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Japanese language

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This bar menu in Shinjuku, Tokyo, lists food and drink in both angular katakana - for loanwords or to make signs easier to read - and the curvy hiragana script - for native vocabulary. Top of the list, in katakana, is レミーマルタン - Remii Marutan 'Remy Martin' brandy; bottom, in hiragana, is あんみつ anmitsu - a jelly to finish a meal.
Photo © by Sonny Santos, used by permission.

Japanese (日本語, Nihongo), the main language of Japan and the native tongue of at least 127 million people, is notable for: a complex system of honorific language which allows speakers to express and indicate their social status relative to one another; a writing system which uniquely employs a combination of three or four different scripts for different purposes; its disputed relatedness to other languages around the world; and a sound structure known as pitch accent in which the pitch of the voice alone may distinguish different words. Nowadays spoken by emigrant communities worldwide, but only widely standardised in the last century or so, Japanese is also a set of highly divergent dialects spoken across the Japanese archipelago which often bear scant resemblance to one another; likewise, the other Japonic languages of which it forms one branch are also highly distinct. Japanese literature goes back to the eighth century, while today the language continues to absorb large amounts of loanwords, previously from Chinese and today more commonly from English.

Grammatically, Japanese is an agglutinative language - grammatical units link together in long 'strings' to make words. For example, 食べたくなかった tabetakunakatta[1] 'did not want to eat' is composed of the morphemes tabe- 'eat', -ta- 'want', -ku- 'adverb',[2] -na- 'negative', and -kat- and -ta - both signifying that the action is complete, i.e. in the past.[3] Phonologically, its 'sounds' consist mainly of consonant-vowel units that cannot be split up, such as bu, ni and ka, which are written as single symbols, in these cases ぶ, に and か in hiragana and ブ, ニ and カ in katakana.

Writing system

For more information, see: Kanji and Kana.

Japanese is written using a combination of three different scripts. Chinese-derived characters (漢字 kanji) are used for the most meaningful words such as most nouns and verbs; these take some time to learn. Two further kana scripts, hiragana (ひらがな) and katakana (カタカナ) write moras, equivalent to but not the same as syllables, and to a degree can indicate pronunciation. The Roman alphabet, rōmaji (ローマ字), is also often used in modern Japanese. Numbers are usually written with Arabic numerals, as in many countries, but kanji are also used for numbers, especially in traditional contexts.

Kanji are derived from the ancient Chinese characters today known as Traditional Chinese; in modern times, the Japanese mildly simplified the written strokes of some of the characters. (A small minority of characters modified by the Japanese were modified in Mainland China in an identical manner when Simplified Chinese was created, for example 学.) As the grammar of Japanese and Chinese are completely different, in pre-modern times the Japanese originally wrote in pure ancient Chinese, as did the Koreans. The Japanese and Koreans eventually wanted a writing system that related to their spoken language; in Korea this was accomplished with the hangeul script. The Japanese used the cursive form of some common Chinese characters to create the 2 syllabic kana systems, hiragana and hiragana. The kana indicate pronunciation only and do not have ideographic meaning. Over the centuries, these systems, which early on were often used alone (e.g. men using kanji and women writing exclusively in kana), merged into the present system: kanji are used for most vocabulary; hiragana are used for grammatical elements and vocabulary that lack kanji or that have difficult kanji known to few readers; and katakana are used mostly for foreign loanwords and some words that have very difficult kanji, or that the writer wants to emotionally emphasize in some manner. The root of a verb will typically be rendered with a kanji, while the agglutinative verb endings are written in kana: 飲む nomu '[to] drink', for example, has the root nom- written as a kanji 飲 [no] and part of the hiragana symbol む [mɯ]. Morphological boundaries, then, do not always align with symbols. Extremely rarely, the stem of a verb is written in katakana due to its foreign origin, for example サボる (to be truant; to skip school), which is from the French/English word "sabotage". In modern times, the use of computers, email, and cell phone text messaging has decreased the ability of young Japanese people to write kanji, so more and more words are being written in kana.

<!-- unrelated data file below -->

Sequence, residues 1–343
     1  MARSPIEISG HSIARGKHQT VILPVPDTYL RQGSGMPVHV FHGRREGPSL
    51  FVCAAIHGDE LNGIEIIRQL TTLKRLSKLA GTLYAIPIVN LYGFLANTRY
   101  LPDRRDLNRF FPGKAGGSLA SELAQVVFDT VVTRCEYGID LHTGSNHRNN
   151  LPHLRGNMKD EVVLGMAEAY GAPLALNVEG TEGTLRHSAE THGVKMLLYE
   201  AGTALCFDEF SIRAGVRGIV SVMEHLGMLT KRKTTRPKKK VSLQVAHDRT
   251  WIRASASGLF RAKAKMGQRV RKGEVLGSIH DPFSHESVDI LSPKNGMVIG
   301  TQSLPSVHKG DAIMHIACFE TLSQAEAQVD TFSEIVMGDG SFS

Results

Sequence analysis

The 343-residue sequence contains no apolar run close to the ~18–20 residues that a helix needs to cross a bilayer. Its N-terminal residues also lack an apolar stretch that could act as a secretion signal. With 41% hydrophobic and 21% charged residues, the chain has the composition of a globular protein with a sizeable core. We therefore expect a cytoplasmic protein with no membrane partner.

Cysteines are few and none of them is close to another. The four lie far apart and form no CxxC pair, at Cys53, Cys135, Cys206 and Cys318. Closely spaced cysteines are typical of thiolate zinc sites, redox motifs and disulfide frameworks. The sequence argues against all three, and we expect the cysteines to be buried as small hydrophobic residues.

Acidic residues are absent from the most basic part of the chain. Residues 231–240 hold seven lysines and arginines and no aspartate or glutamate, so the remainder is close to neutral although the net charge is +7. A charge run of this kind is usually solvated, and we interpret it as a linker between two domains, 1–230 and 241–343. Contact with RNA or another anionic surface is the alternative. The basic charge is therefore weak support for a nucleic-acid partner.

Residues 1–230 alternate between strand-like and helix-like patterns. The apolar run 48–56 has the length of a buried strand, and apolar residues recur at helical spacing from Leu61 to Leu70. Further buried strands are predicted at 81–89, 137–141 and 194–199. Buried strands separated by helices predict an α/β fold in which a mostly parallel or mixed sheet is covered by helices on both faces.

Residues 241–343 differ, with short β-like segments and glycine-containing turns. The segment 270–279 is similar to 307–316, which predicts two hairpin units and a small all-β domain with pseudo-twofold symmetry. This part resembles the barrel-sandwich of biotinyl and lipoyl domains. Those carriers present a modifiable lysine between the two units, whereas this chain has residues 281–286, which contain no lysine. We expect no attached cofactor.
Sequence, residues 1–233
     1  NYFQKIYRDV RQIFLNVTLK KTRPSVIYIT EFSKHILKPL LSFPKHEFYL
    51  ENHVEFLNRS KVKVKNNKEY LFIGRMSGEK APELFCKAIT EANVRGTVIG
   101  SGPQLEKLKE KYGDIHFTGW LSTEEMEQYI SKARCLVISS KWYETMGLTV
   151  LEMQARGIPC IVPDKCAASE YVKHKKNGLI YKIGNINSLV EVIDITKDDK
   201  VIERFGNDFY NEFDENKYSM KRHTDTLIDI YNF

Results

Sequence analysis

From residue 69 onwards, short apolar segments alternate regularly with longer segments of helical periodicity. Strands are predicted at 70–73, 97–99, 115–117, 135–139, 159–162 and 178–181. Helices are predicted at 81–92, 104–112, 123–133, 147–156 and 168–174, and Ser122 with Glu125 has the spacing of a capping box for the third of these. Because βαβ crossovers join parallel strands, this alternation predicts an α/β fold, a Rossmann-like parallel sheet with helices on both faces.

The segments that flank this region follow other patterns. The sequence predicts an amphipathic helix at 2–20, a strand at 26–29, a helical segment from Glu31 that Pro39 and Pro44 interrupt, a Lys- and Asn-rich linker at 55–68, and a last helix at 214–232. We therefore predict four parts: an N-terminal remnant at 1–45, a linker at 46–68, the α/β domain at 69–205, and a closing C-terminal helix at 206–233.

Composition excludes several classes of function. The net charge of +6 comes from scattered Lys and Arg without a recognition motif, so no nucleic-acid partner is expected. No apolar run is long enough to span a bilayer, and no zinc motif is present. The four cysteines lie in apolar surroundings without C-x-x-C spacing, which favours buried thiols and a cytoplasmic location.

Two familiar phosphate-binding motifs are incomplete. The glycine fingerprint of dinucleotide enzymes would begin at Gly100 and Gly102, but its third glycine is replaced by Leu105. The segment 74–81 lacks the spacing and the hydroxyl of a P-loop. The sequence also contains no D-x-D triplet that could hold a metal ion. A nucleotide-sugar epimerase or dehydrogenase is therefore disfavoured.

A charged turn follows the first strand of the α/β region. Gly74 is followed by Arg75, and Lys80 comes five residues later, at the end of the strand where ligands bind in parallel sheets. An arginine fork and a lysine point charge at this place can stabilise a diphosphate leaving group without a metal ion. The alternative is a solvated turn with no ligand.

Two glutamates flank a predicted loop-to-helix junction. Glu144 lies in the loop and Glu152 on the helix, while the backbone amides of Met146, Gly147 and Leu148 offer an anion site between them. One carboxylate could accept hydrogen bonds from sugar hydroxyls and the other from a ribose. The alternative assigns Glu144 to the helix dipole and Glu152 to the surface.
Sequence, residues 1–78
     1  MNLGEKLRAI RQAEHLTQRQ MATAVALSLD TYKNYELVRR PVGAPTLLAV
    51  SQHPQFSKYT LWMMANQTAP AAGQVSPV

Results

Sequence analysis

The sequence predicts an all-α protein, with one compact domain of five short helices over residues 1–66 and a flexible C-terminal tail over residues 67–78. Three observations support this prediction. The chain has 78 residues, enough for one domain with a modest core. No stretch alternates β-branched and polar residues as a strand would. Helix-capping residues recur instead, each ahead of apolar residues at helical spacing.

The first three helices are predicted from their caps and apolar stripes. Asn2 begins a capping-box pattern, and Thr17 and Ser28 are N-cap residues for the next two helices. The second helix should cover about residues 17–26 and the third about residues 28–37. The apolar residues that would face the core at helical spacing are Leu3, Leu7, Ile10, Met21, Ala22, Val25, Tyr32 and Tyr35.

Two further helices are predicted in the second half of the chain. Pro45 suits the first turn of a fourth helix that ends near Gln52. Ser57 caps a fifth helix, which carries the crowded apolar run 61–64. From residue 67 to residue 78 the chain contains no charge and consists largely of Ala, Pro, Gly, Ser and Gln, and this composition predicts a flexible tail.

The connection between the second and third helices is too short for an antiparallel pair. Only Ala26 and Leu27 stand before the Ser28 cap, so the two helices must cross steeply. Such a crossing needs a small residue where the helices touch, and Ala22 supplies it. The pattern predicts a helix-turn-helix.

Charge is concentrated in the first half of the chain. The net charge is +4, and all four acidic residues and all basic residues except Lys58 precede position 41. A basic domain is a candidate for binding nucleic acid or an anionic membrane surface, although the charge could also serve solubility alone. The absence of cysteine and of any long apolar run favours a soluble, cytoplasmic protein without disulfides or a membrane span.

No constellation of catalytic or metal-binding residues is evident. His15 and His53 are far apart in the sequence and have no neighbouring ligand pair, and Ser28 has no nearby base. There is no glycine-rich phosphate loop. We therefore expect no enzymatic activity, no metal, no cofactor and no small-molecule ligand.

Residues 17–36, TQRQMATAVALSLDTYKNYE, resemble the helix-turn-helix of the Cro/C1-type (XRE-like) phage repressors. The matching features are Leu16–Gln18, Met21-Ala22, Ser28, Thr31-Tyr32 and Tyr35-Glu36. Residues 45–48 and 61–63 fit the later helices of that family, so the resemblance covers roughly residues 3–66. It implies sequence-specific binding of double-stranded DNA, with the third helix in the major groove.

Footnotes

  1. Tabetakunakatta can be followed by です desu, which is the copula verb equivalent to 'be'. Tabetakunakatta, then, is not really a verb in the same way the 'eat' is a verb in English, in that it behaves somewhat like an adjective in Japanese. Indeed, Japanese groups adjectives into two, -i and na types, in which the former group morphologically behave as verbs while the latter act as adjectives in a more similar way to those of English.
  2. -ku- acts to convert adjectives to adverbs, e.g. 高く takaku 'expensively'; however, in this case, -ku- is followed by the suffixes -na-, -kat- and -ta, which indicate it is verb-like negative adjective.
  3. Japanese indicates whether an action is complete or incomplete, rather than the past versus non-past distinction of English. -ta is the form used for verbs as well as adjectives, while -kat- must be included in -i adjectives marked for completion.
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